Inferiority is our common malaise in the ministry. A lot of ministers suffer from it. Jeremiah is my kind of guy. I was so inferior even the neighbors noted it and pointed it out to my mother as I grew up. In my late teens, one of my sisters felt led of God, to help me get in touch with myself by telling me that in her opinion, which was as inerrant as the King James Bible, that if God called me to do anything, He must have had a wrong number.
When I told my preacher I was called to preach, he didn’t necessarily feel that God had a wrong number, but he was concerned that I might have had a poor connection.
Still, he wanted to help me get started on my calling. He asked me to preach at the “Garfield County Old Folks Home” to celebrate the debut of my call. Most of those at the county home were deaf, so it seemed to him a safe place for me to try out my calling. The pastor told me to not preach too long and that while I might notice a couple of the very old ones excessively drooling, this should not be interpreted as a hunger for more.
The fact that the sermon would fall largely on deaf ears did not ease my anxiety. The idea of all preaching filled me with terror. I still remember how hard I worked on that very first sermon. I wanted it to be great. I typed five, single-spaced pages of notes. I preached for three minutes. It takes me longer than that to clear my throat now. I have a feeling that most now yearn for one of my old three-minute sermons, but then I was humiliated. I sat back down and refused to preach again for a year and a half. Inferiority nearly destroyed my desire to try again!
God called me to make a covenant to my strategic self-existence. Now you are here and you may often lament your small role in a big Christian machine. Christianity ought to have magnified you and not reduced you. It ought to have taught you that Jesus is a special Savior who came on a special mission. He specifically calls specific individuals with specific assignments. You are special. What right does the church have to abnegate your special role?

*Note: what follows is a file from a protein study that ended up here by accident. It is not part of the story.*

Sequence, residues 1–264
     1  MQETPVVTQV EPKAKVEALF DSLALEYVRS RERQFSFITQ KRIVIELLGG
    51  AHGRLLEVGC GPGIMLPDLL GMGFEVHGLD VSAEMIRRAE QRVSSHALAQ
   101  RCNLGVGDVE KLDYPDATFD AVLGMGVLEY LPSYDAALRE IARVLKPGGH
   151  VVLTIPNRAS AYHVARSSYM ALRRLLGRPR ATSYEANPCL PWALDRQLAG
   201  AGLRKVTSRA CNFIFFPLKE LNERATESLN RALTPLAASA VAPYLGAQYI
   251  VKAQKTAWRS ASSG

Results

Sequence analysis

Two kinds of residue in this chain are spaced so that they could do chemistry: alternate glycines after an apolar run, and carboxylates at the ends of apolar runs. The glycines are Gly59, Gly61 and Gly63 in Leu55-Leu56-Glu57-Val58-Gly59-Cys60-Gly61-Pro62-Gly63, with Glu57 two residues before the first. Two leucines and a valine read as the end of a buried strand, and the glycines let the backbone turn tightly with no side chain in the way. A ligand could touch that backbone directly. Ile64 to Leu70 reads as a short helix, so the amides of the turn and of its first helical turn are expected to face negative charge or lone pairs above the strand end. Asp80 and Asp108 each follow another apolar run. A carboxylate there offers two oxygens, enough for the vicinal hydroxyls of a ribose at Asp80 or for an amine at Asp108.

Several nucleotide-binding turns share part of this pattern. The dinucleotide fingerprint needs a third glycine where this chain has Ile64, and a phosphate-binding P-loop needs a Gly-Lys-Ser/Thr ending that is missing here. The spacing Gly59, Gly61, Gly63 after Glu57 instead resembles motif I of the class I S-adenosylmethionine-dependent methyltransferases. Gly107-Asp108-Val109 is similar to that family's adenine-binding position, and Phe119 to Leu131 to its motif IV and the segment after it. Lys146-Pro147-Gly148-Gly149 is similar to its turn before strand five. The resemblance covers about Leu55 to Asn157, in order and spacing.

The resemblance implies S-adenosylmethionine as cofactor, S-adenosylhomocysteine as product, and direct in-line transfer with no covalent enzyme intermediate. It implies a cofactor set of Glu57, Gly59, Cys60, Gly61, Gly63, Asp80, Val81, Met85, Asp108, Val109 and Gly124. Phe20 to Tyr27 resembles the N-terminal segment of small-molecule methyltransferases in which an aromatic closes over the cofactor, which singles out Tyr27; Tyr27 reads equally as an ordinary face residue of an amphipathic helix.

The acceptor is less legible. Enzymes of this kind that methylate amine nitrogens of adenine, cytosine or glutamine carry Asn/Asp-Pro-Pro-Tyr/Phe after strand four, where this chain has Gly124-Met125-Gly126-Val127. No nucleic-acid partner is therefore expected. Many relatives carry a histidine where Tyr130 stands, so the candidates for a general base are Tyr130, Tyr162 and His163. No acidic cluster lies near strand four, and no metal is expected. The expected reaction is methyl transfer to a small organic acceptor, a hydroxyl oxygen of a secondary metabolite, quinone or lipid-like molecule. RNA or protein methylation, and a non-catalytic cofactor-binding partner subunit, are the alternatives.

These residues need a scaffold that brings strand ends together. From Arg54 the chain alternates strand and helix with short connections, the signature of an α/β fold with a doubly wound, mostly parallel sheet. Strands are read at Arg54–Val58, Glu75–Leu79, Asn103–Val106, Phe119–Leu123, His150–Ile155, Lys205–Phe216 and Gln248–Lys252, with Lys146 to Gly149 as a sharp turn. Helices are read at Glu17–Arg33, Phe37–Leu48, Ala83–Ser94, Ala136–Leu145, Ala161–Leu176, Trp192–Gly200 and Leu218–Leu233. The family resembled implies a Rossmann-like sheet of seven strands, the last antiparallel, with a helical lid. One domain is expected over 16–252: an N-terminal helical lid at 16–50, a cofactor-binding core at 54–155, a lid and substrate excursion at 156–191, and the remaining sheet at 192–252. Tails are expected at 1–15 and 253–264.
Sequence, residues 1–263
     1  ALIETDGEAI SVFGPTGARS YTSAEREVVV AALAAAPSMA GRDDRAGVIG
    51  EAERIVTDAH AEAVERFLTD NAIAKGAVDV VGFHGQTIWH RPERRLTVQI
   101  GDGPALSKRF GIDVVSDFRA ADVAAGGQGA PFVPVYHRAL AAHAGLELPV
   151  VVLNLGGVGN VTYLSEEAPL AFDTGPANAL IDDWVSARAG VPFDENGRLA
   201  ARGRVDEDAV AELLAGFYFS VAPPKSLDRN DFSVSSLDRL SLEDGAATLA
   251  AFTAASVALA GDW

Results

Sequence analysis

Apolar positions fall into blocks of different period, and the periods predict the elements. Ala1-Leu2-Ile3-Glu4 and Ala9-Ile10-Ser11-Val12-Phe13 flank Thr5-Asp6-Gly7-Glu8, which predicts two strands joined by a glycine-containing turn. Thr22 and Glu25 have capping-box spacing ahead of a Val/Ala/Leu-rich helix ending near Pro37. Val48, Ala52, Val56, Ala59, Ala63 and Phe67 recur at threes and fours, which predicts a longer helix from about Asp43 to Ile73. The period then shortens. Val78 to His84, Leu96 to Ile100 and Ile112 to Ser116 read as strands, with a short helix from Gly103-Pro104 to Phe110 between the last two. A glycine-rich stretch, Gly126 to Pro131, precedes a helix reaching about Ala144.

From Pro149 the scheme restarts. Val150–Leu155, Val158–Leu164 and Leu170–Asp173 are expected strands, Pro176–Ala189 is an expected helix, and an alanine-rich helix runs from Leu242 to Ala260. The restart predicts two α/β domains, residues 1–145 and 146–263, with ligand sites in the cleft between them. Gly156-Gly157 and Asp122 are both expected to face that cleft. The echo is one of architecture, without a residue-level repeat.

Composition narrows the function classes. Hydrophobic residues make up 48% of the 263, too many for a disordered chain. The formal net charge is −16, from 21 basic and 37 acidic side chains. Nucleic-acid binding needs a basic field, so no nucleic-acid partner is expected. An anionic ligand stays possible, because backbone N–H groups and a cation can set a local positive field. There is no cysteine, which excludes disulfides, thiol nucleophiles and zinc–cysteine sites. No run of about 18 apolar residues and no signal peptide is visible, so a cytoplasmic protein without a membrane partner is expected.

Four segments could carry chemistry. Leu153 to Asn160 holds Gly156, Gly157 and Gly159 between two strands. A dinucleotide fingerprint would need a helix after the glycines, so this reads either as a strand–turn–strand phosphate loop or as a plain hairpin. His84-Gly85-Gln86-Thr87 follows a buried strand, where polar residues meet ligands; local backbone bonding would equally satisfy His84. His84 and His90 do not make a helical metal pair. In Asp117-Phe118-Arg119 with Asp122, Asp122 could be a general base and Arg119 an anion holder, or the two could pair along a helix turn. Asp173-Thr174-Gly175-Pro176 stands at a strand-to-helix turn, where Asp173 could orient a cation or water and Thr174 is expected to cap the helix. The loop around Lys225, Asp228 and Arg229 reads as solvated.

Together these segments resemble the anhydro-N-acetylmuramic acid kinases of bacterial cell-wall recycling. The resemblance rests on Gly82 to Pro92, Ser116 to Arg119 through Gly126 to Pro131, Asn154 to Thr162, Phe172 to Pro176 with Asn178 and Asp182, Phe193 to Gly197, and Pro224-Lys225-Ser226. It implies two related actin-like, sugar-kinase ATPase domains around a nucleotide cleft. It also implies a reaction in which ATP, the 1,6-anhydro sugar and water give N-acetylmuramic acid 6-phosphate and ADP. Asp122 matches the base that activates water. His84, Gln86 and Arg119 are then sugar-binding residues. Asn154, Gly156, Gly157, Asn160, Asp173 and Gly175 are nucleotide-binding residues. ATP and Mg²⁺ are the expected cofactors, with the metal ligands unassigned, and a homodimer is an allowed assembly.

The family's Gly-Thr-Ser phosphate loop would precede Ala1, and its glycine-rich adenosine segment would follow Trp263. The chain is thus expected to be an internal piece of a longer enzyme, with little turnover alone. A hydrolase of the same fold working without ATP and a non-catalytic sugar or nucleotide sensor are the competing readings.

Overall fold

Oh, it’s easy to sit back and cry, “Oh, to be nothing … nothing …” The problem with that is that it’s redundant; there is hardly any use reinforcing what many of your deacons already think. But if you really think you are “nothing, nothing” you shouldn’t do it on God’s time. He is counting on your significance, not your nothingness. We are to take up our cross, not to annihilate ourselves but to take meaningful stands for Jesus in a doubting world. Those who crucify their old sin nature demonstrate to the world what their significance to God really is.
Into this passage comes the man from Anathoth, Jeremiah! Anathoth wasn’t much of a town, poor and beyond the north walls of Jerusalem. Jeremiah is probably no more than 14 years old when God comes to him and says, “I want you to bear my word before kings.” Can you see why he’s insecure? Think how you would feel if you were in the eighth grade and God told you He had a little sermon He wanted you to speak to the U.S. Senate. Naturally, Jeremiah says, “Who am I, God? I’m only the man from Anathoth. I’m a dead dog that you should ask this of me. Perhaps, God, if I were from somewhere else, with a more prestigious name, I could do it.”